It’s flattering to see that our provision of a local news service has been a success in our three-year existence, to the extent that the Labour Party in Aberdeen has used the title “Aberdeen Voice” for its election communication to the electors of Aberdeen Donside.
We can see why some have raised their eyebrows at this, and wish to make it clear that we are non-partisan when it comes to political issues and will consider publishing material, whatever its political viewpoint as long as it conforms to the standards of decency and truth on which we’re based and which we’re proud to uphold.
The Labour Party’s communication is its business, not ours. We feel it unfortunate that they have chosen, carelessly, it seems, a title that has come to mean non-partisan and fair journalism to those who have been with us for our three years of publication.
We have nothing to do with this piece of election material and hope that our neutrality has not been compromised.
Thanks for sticking with us.
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The Lib-Dems once did the same a few years ago when putting out a pre-election newsletter called “Ferryhill Focus” to the public – the same name as our own strictly non-political Community Council Quarterly Newsletter which had been published for years and distributed all over Ferryhill. However, as we always supplied the British Library and Aberdeen Central Library with a copy, I, as Editor, complained to Aberdeen City Council and the L-Ds had to cease using the name immediately. Unfortunately, I presume that as ‘Aberdeen Voice’ is not a printed publication, it possibly doesn’t have any copyright protection? Correct me if I am wrong!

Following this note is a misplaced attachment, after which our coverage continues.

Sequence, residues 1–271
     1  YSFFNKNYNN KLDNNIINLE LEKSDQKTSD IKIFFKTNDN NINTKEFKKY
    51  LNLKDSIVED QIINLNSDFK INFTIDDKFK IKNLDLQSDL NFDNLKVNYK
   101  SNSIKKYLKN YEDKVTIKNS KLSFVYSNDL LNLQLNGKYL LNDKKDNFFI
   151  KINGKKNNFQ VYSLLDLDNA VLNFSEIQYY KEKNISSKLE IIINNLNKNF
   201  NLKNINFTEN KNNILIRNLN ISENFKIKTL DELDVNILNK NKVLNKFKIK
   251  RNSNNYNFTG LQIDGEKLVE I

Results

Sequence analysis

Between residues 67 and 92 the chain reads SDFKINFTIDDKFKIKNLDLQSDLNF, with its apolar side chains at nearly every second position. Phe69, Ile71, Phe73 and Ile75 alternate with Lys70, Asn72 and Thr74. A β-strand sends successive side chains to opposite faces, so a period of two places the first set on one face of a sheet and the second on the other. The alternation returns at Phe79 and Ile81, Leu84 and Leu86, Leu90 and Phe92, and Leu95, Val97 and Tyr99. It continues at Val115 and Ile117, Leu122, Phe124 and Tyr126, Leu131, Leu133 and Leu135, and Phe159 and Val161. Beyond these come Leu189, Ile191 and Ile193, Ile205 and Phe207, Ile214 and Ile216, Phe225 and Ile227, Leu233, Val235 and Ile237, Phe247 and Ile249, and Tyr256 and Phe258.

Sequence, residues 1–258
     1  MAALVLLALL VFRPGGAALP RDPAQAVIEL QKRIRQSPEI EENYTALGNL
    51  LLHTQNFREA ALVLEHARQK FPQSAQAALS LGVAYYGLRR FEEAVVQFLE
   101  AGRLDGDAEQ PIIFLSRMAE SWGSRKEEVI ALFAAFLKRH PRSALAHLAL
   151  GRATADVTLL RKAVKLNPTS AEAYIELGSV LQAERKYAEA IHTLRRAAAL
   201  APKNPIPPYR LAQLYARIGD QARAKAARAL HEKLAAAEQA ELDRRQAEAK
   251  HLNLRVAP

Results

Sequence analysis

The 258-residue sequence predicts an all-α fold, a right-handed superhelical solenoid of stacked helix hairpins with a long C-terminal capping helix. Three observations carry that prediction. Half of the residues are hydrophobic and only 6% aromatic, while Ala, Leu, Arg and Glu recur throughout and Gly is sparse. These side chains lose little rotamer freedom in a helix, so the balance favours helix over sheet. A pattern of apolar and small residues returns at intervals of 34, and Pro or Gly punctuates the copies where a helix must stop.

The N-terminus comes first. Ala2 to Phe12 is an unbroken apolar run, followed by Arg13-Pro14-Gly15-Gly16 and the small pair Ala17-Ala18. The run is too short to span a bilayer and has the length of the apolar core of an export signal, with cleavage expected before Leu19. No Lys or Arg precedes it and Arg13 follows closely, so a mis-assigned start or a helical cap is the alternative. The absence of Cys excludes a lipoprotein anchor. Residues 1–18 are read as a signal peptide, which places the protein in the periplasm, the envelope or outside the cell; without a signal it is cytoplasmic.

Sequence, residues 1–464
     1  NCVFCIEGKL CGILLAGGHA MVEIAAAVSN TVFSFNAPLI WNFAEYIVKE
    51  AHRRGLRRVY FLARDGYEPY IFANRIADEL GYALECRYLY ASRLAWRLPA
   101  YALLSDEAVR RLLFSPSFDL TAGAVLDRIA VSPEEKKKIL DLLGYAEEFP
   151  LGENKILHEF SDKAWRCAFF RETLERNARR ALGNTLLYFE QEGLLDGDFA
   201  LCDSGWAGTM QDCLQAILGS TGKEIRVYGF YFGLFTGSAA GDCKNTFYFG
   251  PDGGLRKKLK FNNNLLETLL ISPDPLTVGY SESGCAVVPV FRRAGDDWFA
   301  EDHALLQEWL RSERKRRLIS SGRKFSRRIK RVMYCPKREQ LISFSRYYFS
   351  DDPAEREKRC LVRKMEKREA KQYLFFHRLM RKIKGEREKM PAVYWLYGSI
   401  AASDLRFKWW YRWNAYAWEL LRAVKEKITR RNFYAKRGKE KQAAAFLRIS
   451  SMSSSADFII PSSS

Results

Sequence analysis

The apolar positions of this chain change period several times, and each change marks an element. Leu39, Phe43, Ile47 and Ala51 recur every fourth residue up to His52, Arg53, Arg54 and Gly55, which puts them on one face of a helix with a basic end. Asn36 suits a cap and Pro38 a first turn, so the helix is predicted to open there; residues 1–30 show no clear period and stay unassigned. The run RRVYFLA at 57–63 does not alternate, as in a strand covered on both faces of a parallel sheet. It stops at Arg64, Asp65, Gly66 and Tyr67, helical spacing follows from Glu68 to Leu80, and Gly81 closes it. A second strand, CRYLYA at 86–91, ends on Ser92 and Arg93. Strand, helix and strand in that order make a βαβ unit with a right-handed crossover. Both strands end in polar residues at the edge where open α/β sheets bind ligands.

Irene Bryce, Ferryhill, Aberdeen.
Not sure Irene, you make some very good points here. Aberdeen Voice has been on the go for 3 years and is non-partisan. I am not sure how old the Aberdeen Labour party is.
The name Aberdeen Voice wouldn’t fall under the auspices of Copyright Law, instead it’d come under Trademark laws. Copyright is to do with the creation and protection of original material whereas Trademark laws protect the identity of brands and companies.
In any case the there is little to no difference between a printed document or a web document and in AV’s case we can prove that we’ve been publishing for that period by showing old articles and also the fact we own the domain name for that period. That would be sufficient for copyright law, but for trademark we’d need to register the name/branding with the IPO.